For many couples, marriage will result in the blending of two families. When the bride or groom (or both) has children from a previous relationship, they often wish to acknowledge these children on their wedding day. Thankfully, there are many ways to do this. The younger ones might be the flower girls or ring bearers; while teens could be junior groomsmen or bridesmaids, or even escort their parent down the aisle. In addition, couples may wish to add a family blending ritual as a special part of their ceremony. Here are some ideas:
Sandy loved candles, so she and Craig chose to include their four teens by lighting a family unity candle. They all held a different colored taper, and their grandmothers were invited to come forward and light them. Then Craig, Sandy and each of the children gave a brief explanation of what they were bringing to this new family (laughter, passion, enthusiasm, etc.), before lighting the family candle together.
Michele and Ryan’s children were quite young, so they chose to include a very simple ritual. Their children were each handed a single-stem flower and reminded that, just like their flower, they were each unique and beloved. The family then placed their flowers in a small vase; the resulting bouquet was tied with a ribbon; and it was noted that together they are even more beautiful and special.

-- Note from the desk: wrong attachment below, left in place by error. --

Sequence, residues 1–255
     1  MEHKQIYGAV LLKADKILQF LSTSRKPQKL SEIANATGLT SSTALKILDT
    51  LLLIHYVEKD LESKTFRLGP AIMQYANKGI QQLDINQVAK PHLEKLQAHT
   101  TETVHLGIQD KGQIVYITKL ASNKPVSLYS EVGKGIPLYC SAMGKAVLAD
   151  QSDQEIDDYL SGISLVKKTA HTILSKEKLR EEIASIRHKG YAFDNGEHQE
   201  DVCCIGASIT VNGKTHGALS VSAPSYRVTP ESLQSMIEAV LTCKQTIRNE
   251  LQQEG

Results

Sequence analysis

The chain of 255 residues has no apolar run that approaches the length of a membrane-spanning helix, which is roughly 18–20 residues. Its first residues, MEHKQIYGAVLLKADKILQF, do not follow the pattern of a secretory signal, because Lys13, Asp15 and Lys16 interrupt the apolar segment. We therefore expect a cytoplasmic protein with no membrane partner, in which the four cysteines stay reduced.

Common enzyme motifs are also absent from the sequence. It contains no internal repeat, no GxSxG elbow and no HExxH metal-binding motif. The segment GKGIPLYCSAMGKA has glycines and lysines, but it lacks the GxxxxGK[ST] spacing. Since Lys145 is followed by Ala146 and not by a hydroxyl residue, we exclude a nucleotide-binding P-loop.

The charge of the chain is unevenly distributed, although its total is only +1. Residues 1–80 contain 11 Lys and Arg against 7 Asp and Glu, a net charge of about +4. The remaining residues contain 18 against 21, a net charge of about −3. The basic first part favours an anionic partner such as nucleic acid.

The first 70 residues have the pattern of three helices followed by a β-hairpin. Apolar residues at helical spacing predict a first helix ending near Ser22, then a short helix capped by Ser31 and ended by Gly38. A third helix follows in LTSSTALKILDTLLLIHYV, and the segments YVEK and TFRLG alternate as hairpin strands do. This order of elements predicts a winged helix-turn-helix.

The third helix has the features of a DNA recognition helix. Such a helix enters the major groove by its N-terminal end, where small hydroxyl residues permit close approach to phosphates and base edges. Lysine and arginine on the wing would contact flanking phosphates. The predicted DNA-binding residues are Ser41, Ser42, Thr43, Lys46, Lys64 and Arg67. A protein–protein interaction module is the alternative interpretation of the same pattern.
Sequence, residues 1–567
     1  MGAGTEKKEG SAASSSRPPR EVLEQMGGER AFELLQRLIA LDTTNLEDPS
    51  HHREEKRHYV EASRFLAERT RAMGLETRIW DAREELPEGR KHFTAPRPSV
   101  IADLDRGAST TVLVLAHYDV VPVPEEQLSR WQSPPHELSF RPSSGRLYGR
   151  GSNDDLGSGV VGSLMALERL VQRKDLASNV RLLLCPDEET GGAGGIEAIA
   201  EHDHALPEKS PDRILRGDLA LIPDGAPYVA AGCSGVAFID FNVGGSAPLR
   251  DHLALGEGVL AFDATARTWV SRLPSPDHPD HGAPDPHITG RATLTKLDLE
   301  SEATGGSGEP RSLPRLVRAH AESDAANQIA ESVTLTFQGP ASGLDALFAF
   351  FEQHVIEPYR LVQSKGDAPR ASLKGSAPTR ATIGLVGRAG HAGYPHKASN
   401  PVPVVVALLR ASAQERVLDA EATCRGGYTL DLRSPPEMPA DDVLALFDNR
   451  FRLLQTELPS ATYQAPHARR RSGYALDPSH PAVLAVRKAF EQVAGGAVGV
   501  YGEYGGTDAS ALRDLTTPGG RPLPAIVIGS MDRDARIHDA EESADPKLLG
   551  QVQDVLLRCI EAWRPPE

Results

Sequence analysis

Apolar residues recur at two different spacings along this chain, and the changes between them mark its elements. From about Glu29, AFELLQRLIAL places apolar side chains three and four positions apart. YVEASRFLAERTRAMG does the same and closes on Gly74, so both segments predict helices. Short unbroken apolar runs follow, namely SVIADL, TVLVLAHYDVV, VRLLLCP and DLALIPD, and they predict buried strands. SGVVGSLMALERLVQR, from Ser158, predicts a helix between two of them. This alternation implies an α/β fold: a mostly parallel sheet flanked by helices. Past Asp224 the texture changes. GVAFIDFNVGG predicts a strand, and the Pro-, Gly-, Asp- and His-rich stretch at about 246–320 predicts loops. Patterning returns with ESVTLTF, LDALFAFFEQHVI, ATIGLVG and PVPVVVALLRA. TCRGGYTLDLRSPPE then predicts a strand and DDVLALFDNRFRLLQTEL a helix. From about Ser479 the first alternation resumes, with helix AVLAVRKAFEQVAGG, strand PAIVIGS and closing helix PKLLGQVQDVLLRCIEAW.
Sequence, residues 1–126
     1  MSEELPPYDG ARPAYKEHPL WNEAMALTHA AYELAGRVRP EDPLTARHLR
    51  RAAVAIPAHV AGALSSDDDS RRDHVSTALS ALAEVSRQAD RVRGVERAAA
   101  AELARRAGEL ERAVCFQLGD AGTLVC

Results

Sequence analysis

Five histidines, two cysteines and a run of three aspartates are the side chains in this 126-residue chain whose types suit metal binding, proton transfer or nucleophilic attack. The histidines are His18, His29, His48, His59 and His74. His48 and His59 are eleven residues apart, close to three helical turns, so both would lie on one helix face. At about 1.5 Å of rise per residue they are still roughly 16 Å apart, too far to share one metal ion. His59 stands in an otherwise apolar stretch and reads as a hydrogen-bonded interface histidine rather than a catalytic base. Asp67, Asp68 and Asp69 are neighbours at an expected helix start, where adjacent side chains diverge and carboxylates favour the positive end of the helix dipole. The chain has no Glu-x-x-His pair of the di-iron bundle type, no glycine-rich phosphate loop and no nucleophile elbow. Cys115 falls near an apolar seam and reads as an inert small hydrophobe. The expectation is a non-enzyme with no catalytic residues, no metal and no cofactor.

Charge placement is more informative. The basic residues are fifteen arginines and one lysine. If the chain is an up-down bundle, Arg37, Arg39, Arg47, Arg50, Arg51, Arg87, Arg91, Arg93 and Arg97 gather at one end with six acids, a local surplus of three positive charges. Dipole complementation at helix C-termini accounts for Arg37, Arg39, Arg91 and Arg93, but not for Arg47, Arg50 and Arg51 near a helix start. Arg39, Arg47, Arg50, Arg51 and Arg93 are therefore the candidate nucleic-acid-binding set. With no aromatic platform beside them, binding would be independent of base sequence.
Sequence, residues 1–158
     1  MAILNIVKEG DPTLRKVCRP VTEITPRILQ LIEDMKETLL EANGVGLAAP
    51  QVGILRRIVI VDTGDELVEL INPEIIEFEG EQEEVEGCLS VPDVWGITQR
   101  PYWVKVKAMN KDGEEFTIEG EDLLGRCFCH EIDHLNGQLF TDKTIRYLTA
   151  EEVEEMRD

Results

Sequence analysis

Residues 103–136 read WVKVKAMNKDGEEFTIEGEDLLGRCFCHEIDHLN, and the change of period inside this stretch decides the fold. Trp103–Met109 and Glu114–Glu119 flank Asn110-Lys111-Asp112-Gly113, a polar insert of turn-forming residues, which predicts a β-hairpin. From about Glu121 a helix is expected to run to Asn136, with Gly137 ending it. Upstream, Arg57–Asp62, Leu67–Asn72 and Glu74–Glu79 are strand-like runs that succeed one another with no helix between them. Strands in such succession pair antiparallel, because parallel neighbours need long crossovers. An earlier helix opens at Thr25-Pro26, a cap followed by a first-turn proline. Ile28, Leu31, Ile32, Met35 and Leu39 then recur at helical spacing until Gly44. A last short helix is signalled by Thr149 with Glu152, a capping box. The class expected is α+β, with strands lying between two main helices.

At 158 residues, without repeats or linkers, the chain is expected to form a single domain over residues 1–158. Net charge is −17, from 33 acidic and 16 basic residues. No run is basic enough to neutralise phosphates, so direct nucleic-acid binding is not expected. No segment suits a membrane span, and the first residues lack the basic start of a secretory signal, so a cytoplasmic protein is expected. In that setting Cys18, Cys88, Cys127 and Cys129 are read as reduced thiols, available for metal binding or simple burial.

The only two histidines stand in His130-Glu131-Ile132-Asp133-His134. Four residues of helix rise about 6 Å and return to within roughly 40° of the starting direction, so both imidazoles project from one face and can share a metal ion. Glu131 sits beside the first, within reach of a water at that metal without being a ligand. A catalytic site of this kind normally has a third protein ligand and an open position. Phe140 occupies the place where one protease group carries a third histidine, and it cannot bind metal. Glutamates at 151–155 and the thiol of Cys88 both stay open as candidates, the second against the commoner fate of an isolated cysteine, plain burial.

Some couples give their children a gift as a special reminder of this important day. Tama and Jason presented a hand-crafted charm to both of Tama’s teenage daughters. Cheryl’s young daughters each received a silver pendant from their new step dad, Kevin. Cory gave Rob’s teenaged daughter a special necklace, while Rob presented Cory’s four-year-old with a set of walkie-talkies “so she can call me whenever she needs me.” (She was thrilled!)
Troy and Jayne wanted to celebrate the creation of their new blended family by including their three teenaged children. They chose to incorporate a sand blending ceremony, with each member of the family adding a different color of sand to the larger “family” container. Troy and Jayne used their primary wedding colors, while each of the children chose sand in their favorite color. The unique patterns and colors of the blending sand not only symbolized the uniqueness of the newly created family, but also its longevity. “For as long as these grains of sand are combined, may you continue to combine your love and commitment to each other as a family.”
Family vows are another way to include the children. After the couple has exchanged their own vows, they speak to their children, promising to maintain an environment of love, acceptance and encouragement for the whole family. In turn, the children promise to listen to and be patient with their parents, to have a sense of humor, and do their part to create a happy family atmosphere.
However they are acknowledged, including your children in the ceremony is a good foundation for your happy family!
—Rev. Jeri Murphy
About Rev. Jeri Murphy: Jeri is a non-denominational minister who has been performing weddings in the Sacramento area for more than a decade. She works with each couple to create a unique wedding ceremony that celebrates their love and sets the stage for their long and happy life together as a married couple.